While it is too late for some homes in Lemmon Valley, crews are working to protect homes that are in danger down the road.

Officials expect the water in the Swan Lake Nature Preserve to rise another four to five feet, so crews with the Nevada Division of Forestry are going door-to-door wrapping homes in plastic and laying sandbags to protect from creeping waters.

"I will end up losing my house here in the next month," says Kim Siminoe, who's lived at her home on Tupelo Street near Swan Lake for 25 years. Friends and family helped her lay sandbags and Visqueen plastic around her home. An NDF crew come in to finish her garage.  She says she's only dealt with flooding once in the past, and it was from snow and not Swan Lake, "We had that big snow storm in '05 and it all melted and went underneath my house. So the lake did not come over and flood."

Sand bags should only be filled about half way, giving the sand room to spread and lay flat. Crews stack them in staggered rows, like bricks, to keep them sturdy. The plastic is stabled to the walls of the home with the sandbags to create a seal between the plastic and the ground.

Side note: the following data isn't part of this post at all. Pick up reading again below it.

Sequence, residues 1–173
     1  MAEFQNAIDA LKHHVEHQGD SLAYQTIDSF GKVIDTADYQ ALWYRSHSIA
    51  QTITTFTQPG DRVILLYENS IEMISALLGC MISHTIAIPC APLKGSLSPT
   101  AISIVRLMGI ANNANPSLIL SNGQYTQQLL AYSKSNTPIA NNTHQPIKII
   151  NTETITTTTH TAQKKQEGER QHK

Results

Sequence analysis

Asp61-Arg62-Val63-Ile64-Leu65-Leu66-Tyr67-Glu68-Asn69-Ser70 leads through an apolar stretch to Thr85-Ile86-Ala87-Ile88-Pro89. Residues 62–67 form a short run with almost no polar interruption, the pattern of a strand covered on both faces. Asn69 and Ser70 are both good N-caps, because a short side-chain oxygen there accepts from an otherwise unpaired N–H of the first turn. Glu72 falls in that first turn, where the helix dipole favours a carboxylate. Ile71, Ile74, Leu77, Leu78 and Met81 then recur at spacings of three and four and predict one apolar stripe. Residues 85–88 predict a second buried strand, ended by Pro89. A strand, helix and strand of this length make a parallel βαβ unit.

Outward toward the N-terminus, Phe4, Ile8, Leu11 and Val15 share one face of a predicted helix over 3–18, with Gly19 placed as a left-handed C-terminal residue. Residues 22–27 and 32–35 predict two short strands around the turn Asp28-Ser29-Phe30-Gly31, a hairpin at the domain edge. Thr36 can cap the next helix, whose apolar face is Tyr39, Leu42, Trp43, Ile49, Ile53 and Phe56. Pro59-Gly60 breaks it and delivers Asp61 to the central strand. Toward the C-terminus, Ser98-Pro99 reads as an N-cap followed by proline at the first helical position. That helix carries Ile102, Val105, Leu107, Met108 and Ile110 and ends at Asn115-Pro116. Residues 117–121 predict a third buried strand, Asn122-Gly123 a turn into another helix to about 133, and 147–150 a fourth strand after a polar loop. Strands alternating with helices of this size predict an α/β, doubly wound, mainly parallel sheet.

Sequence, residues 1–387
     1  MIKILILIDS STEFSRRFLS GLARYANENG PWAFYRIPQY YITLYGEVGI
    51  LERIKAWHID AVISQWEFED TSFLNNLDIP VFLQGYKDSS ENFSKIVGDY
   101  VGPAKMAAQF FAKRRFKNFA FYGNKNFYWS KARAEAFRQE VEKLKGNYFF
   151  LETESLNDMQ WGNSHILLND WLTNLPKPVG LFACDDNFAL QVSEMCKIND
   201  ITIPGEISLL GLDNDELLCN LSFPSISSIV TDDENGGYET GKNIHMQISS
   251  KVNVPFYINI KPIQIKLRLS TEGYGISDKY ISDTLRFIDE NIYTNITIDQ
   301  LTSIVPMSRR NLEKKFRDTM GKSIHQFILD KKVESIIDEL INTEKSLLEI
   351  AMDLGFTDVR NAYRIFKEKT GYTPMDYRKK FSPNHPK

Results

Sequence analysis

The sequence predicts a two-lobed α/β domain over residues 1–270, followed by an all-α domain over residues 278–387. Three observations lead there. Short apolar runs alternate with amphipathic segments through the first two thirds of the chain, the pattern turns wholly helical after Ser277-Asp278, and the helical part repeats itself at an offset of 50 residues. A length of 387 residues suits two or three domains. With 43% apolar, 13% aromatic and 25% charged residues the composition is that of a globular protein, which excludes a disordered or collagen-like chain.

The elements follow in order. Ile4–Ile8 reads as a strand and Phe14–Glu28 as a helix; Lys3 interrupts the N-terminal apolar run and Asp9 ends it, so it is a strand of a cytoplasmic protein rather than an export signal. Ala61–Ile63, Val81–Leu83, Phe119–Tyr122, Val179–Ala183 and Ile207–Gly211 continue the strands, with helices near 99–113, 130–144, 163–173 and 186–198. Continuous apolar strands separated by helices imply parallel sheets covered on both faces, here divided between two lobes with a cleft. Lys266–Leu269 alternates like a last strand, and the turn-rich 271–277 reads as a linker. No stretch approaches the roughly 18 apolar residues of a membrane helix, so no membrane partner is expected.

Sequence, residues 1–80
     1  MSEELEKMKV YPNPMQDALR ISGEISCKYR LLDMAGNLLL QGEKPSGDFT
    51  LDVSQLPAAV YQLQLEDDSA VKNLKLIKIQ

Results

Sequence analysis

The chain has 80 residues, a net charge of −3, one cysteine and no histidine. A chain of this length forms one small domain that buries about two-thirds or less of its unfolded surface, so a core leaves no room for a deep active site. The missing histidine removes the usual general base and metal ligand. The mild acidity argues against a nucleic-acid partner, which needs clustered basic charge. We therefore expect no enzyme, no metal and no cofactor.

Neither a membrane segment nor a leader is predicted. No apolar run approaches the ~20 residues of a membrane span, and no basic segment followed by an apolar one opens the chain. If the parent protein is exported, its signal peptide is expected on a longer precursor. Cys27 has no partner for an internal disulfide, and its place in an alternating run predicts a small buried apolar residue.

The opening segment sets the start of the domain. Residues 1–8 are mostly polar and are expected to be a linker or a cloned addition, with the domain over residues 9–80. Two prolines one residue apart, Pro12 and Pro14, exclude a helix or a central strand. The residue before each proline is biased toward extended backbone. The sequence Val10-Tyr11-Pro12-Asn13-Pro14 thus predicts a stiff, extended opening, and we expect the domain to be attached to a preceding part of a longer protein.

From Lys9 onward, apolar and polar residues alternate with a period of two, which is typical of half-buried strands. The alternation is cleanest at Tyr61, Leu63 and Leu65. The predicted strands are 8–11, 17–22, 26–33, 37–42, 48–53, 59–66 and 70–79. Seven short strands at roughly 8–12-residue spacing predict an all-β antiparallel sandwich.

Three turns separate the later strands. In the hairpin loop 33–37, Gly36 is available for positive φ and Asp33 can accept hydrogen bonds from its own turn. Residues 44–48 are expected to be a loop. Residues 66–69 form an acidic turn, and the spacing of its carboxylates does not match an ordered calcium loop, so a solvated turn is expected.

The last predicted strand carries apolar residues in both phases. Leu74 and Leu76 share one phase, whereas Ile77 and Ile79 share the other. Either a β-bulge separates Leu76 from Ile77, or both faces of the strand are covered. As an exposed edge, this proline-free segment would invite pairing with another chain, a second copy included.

"(the plastic) will prevent standing water from permeating," says Capt. Joe Schum with the Truckee Meadows Fire Protection District, "So that's why we're trying to line the home with Visqueen first. Sandbag it to hold it in place and then as the standing water creeps up, it should hold."

The crews are going house-to-house starting with the homes closest to the water and will work out systematically from there. Aerial views from Washoe County's RAVEN helicopter help the officials see where the water is (almost every day) and predict which areas are in the most danger down the road.

"Just the same as pouring water on the ground, as it spreads out," says Capt. Schum, "We're making our perimeter larger and larger in the same fashion, under that prioritization."